Forest Park has to fix its antiquated combined sewer system. The estimates that I have heard are approximately $60 million. I believe that flooding is worse in some parts of Forest Park than in others. The flooding is being addressed incrementally by the village’s engineering consultants. Funding for such a large cost will have to be part of some externally sourced infrastructure grant.
5. What is Forest Park’s role as it concerns Proviso Township District 209 High Schools, if any?
As the parent of a 16 year old son, I am always inclined to support the local schools. I have worked with many of the Forest Park kids attending D. 209 schools. I believe that Forest Park should support Dist. 209 to the extent that doing so is not contrary to the village’s interests.
PMSA sits within our corporate limits. Forest Park therefore has more input with respect to use of PMSA and related concerns such as traffic and other safety issues. As mayor, I plan to maintain my personal relationships with all of the members of the D. 209 board and the superintendent. There may be formal or informal ways to support the teachers and students of D. 209. The mayor and council should be open to any such opportunity. An example of one such opportunity is welcoming D. 209 to stage a homecoming parade in our community and participating in the parade.
6. Transparency has been repeatedly noted by candidates and residents as an issue with the village. Do you believe Forest Park has a transparency problem? If so, how would you address it?
Yes. The village can do a better job of communicating. The next mayor and council should consider whether it is feasible to post council agendas at an earlier time than it does today. There may also be ways to better utilize social media to communicate with residents and businesses. It may also be advisable to hold budget meetings in the evenings so that people who work regular business hours can attend.
7. If you had to write a mission or vision statement for the village of Forest Park, what would they be?
The mission statement would articulate that village priorities include providing core services related to health and safety, providing police protection, fire suppression, and maintaining streets, infrastructure and traffic flows for the benefit of residents and businesses located in Forest Park. Next, it would state that we will provide services in an efficient and professional manner where official actions are governed by local ordinances and state laws. Further, the statement would recognize that the village has diversity with regards to age, race, languages, gender-identity, education and income levels and that non-core services provided by the village should be planned in a manner that reflects, recognizes and responds to our diverse population. Accordingly, the village should invest in its community center and its public library as these facilities serve our residents with the fewest resources. Finally, the mission statement would reflect that Forest Park is not island unto itself and that there will likely be opportunities to support and partner with the park district and schools.
8. Should Forest Park remain a commissioner form of government, or change to a village manager form?
The success of Forest Park is not solely based on the form of government. Although some believe that the commissioner form of government is not ideal for this community, people are still moving to Forest Park. I believe that electing good people to serve in village government, combined with a competent and professional workforce, yields positive outcomes. That said, it would not be unreasonable to determine whether village residents want to change to a village manager form. There may be merits to having more elected members serving on a village board and to having staggered elections for our village government. It appears that the prospect of a completely new village council may have unsettled some residents and village employees. This cycle repeats itself every four years and contributes to confusion and anxiety in the run-up to our municipal elections.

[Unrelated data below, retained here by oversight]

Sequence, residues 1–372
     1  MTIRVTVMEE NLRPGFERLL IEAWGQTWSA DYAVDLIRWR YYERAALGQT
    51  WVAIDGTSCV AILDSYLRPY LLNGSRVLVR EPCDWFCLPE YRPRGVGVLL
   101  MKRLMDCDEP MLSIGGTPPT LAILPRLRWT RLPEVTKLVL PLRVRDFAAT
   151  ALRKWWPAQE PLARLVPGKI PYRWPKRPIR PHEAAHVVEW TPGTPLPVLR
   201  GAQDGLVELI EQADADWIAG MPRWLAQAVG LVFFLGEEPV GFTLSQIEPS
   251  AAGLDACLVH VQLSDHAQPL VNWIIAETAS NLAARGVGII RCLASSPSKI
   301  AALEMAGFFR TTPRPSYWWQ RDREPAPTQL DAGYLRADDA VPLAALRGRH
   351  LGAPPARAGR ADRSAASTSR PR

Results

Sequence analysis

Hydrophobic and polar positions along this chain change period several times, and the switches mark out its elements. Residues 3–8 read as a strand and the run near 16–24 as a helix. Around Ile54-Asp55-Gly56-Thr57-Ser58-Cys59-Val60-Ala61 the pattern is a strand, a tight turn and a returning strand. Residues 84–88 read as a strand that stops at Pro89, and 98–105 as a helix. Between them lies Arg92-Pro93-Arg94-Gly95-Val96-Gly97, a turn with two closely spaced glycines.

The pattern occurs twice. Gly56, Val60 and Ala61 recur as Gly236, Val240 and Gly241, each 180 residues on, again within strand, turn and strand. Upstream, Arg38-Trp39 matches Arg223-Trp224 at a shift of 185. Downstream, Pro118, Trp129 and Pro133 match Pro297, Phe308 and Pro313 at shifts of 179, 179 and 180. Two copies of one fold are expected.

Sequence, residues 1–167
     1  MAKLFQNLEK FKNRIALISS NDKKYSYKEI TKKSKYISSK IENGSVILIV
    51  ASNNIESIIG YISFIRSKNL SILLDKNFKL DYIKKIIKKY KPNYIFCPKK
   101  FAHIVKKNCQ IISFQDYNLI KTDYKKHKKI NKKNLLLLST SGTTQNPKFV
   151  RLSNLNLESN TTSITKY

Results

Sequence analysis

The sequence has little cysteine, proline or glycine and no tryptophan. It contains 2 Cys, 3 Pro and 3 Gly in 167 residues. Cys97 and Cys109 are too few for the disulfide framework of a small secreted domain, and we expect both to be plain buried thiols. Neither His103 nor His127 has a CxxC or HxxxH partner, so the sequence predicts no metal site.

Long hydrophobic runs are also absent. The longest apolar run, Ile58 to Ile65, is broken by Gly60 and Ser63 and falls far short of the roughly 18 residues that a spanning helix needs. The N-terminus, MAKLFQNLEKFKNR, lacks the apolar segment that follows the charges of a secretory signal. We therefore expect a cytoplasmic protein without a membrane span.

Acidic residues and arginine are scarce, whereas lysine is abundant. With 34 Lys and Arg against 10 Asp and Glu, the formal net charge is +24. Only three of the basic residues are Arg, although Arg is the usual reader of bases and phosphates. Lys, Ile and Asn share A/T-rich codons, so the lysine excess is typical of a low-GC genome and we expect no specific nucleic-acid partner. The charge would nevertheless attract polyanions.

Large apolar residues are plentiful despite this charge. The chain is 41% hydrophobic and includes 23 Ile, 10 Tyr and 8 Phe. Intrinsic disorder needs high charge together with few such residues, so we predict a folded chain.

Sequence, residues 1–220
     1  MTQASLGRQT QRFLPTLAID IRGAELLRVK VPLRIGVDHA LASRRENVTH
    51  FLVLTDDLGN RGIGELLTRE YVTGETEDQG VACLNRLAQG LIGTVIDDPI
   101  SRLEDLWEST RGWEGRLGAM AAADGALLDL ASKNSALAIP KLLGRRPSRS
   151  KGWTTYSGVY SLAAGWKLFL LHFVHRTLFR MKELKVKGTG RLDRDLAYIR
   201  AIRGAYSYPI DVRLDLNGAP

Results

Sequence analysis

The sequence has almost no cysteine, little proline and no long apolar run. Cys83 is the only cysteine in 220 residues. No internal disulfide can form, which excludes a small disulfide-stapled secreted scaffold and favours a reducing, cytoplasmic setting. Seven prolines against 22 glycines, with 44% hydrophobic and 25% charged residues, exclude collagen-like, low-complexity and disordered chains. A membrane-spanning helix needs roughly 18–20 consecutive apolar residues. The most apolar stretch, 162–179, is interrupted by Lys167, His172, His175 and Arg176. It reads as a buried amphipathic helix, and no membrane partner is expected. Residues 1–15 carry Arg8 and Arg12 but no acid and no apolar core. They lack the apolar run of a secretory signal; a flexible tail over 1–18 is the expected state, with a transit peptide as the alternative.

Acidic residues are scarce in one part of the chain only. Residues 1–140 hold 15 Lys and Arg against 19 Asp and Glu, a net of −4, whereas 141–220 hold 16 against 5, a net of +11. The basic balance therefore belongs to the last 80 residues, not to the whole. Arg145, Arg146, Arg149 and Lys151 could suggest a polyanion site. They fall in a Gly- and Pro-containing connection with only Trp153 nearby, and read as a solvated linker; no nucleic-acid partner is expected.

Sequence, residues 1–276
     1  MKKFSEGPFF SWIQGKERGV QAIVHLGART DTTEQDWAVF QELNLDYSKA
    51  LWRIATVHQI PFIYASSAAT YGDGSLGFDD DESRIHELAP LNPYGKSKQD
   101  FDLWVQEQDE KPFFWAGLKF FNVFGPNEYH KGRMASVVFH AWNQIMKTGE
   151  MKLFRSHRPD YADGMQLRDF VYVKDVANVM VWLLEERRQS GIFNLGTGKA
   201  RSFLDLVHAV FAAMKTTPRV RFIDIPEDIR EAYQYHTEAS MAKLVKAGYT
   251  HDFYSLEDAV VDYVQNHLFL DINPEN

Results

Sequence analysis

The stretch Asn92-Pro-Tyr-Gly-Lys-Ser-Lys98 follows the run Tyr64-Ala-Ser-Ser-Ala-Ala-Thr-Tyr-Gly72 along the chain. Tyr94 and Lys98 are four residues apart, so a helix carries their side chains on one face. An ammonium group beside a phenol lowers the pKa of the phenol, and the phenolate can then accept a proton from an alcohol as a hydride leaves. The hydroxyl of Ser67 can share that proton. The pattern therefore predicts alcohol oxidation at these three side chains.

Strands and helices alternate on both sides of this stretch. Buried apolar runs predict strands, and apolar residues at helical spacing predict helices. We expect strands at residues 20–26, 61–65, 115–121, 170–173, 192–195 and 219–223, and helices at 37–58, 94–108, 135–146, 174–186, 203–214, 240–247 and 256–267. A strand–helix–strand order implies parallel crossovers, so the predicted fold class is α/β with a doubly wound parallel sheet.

9. What issues should the village’s Diversity Commission be charged to pursue?
The Diversity Commission should chart its own course based on its own deliberations and community feedback. I believe that the residents who applied to serve on the Diversity Council, and submitted information as part of the appointment process, likely had reasons for seeking their appointment. I have always supported the idea of the village creating a diversity commission. I do not believe that the mayor should decide which particular issues it addresses. Instead, the Diversity Commission should operate within the parameters of its mission statement. I would like to quickly describe the input that I offered to Mayor Calderone and a past village council that advanced the notion that Forest Park should have a diversity commission.
I began discreetly advocating for this village to establish a diversity commission as far back as 2010. This was soon after I worked with a group of residents and the Park District to establish Forest Park’s annual Juneteenth tradition and had hired the first Spanish speaking employee to work in the village clerk’s office
Sometime around 2013, I visited Hanover Park’s municipal building. That community has a diversity commission that had been permitted to put a display in the main hall of the building. Hanover Park at that time chose to highlight two of that community’s “sister city’ partnerships. The display had photos and gifts from cities in Mexico and Ghana. It was apparent that delegations from Hanover Park had visited their sister cities. I do not know how such visits were paid for. I have discreetly encouraged one current member of the Forest Park Diversity Council to research what similar bodies have done and are doing in neighboring suburbs. A sister city relationship could be an opportunity for the village to partner with D. 91.
I have purposely avoided attending the current Diversity Commission meetings because I do not want be perceived as seeking to interfere in its activity.
10. What other issues do you feel will be important for the next mayor to address? How should they be addressed?
Trustworthiness and having an understanding of the larger community will be important issues. To the extent that there is some lingering resentment over the November referendum, the mayor should be able to bring people together and should be a person regarded as reasonable, predictable, and trustworthy.
The next mayor should have experience working with officials at the federal, state, and county levels of government in the event that the legislature authorizes capital spending. Funding for infrastructure improvements will most likely be secured by collaborating with leaders from neighboring villages.
Negotiating skills will also be important. There could be opportunities to work with the Altenheim board, the CTA and representatives of the adjacent property owners to come to an agreement for the use of the property.